Relative velocity problem

  • #1
Suppose two bodies A and B are moving perpendicular to each other with velocities 'a' and 'b'.

A with 'a'
^
|
|
|
|
|
|
|
|
|
---------------------------------------------->B with 'b'


Now how would they measure their relative velocitites?As A's velocity in the direction of motion of B = 0 ,B would feel that A is moving away(linearly) from it with a velocity'b'
And A would feel that B is moving away with velocity 'a'.

Now how do we compare their relative velocity? This is in order to aply the Lorentz transfomation.
 

Answers and Replies

  • #2
Meir Achuz
Science Advisor
Homework Helper
Gold Member
3,529
114
To find A's velocity with respect to B, make a LT with velocity b, using the transformation laws for velocity a (separate law for a perp and a parallel to b).
 
  • #3
932
0
Or rotate the system so that A and B are moving away from each other along an axis.
 
  • #4
But the velocities of A and B have components that hav the value of 0 in their respective axes.

Like if A measures velocity of B in his direction of motion,it comes out to be zero :(
Im confused
 
  • #5
Hootenanny
Staff Emeritus
Science Advisor
Gold Member
9,621
6
Like if A measures velocity of B in his direction of motion,it comes out to be zero :(
No it doesn't. Remember that A is moving upwards in your diagram.
 
  • #6
Yea i get that,but in his DIRECTION of motion wouldnt he be measuring the velocity of B as zero?
 
  • #7
Hootenanny
Staff Emeritus
Science Advisor
Gold Member
9,621
6
Okay, try it this way. How fast is B moving away from A from A's rest frame?
 
  • #8
with velocity 'a'? and with veolcity 'b' in the direction of the perpendicular axis
 
  • #9
Hootenanny
Staff Emeritus
Science Advisor
Gold Member
9,621
6
with velocity 'a'? and with veolcity 'b' in the direction of the perpendicular axis
Yes, so what is the magnitude of this velocity?
 
  • #11
Hootenanny
Staff Emeritus
Science Advisor
Gold Member
9,621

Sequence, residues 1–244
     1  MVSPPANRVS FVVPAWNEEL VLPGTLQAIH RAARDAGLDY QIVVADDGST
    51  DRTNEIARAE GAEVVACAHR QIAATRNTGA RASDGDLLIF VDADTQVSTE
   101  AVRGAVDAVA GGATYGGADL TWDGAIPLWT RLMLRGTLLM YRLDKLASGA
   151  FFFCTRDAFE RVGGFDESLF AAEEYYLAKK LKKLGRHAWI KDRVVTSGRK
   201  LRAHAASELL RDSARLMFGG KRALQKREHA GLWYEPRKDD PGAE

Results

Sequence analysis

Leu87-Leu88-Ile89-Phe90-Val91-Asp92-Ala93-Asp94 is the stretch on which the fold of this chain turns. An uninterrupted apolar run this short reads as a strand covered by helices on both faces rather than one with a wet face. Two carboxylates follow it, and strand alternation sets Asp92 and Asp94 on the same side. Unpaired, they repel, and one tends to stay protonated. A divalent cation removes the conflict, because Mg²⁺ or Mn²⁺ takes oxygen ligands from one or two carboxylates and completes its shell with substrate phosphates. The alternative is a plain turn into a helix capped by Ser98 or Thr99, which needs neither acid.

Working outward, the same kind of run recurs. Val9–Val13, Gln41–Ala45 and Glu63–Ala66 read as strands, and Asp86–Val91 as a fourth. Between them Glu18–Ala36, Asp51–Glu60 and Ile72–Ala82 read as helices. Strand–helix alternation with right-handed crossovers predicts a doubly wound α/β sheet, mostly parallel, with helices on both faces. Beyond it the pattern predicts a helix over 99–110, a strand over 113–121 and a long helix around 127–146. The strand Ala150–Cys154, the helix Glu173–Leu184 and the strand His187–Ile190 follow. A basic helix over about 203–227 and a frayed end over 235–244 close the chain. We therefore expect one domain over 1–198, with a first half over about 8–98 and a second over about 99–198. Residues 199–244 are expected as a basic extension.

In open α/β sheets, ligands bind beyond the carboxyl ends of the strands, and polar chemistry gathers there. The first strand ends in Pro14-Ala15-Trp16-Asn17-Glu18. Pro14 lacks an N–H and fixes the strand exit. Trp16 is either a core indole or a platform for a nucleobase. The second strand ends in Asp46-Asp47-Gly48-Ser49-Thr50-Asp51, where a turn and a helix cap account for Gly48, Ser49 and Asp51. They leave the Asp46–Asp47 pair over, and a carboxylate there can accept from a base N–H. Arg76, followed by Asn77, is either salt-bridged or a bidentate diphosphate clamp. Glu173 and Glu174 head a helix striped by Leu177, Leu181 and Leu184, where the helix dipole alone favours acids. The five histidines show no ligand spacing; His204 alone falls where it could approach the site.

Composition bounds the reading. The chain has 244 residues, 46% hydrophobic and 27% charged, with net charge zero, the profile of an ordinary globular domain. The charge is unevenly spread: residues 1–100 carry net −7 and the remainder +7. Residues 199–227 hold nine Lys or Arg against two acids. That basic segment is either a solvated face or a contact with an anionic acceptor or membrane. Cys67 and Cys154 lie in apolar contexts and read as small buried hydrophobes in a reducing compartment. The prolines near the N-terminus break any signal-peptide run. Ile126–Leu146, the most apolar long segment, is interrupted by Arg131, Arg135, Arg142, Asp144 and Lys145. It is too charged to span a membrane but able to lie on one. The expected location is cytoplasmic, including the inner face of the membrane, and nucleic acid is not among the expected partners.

6
Perhaps, the hypotenuse of your triangle...
 
  • #12
ok ok sry its the resultant of the two vectors sry :p.How foolish of me
 
  • #13
Hootenanny
Staff Emeritus
Science Advisor
Gold Member
9,621
6
ok ok sry its the resultant of the two vectors sry :p.How foolish of me
No problem, and the direction of the resultant vector is...?
 
  • #14
the positive direction of the x axis.BBut one more question..wudnt we do resultantcos(theta) to get the magnitude of the vector in the reference frame's exact direction?
 
  • #15
Hootenanny
Staff Emeritus
Science Advisor
Gold Member
9,621
6
  • #16
y isnt it ??????

r(x)=a(x) +b(x)
r(y)=a(y) +b(y)

r=r(x)i + r(y)j

r(x)=b
r(y)=a

so y isnt it?the answer is positive
 
  • #17
Hootenanny
Staff Emeritus
Science Advisor
Gold Member
9,621
6
Think about it for a minute. What is the direction of the resultant velocity (think about the 'poeple swimming across a river' questions that I'm sure you've done.)
 
  • #18
umm i havent done the above stated question.Im n grade 10.


but wats wrong with the resultant as i said in my previous post?
 
  • #19
Hootenanny
Staff Emeritus
Science Advisor
Gold Member
9,621
6
I asked for the direction of the resultant velocity and you haven't given it, you've just given two components, which is what we were given at the start of the problem.
 
Last edited:
  • #20
r(x) is positive and so is r(y)

so
r=b i+a j

So whats the problem if theyre in the positive direction of the x and y axes?
 
  • #21
robphy
Science Advisor
Homework Helper
Insights Author
Gold Member
5,777
1,074
IMHO, in spite of the subject matter, this thread seems more like a homework-type question.
 
  • #22
Hehe,but i cant get y im wrong:S
 
  • #24
err..thnx
but still please tell me if both r(x) and r(y) are positive wats wrong?

sry but i still cant get it
 
  • #25
Hootenanny
Staff Emeritus
Science Advisor
Gold Member
9,621
6
When I say resultant vector, what does that mean to you?
 

Related Threads on Relative velocity problem

Replies
6
Views
770
Top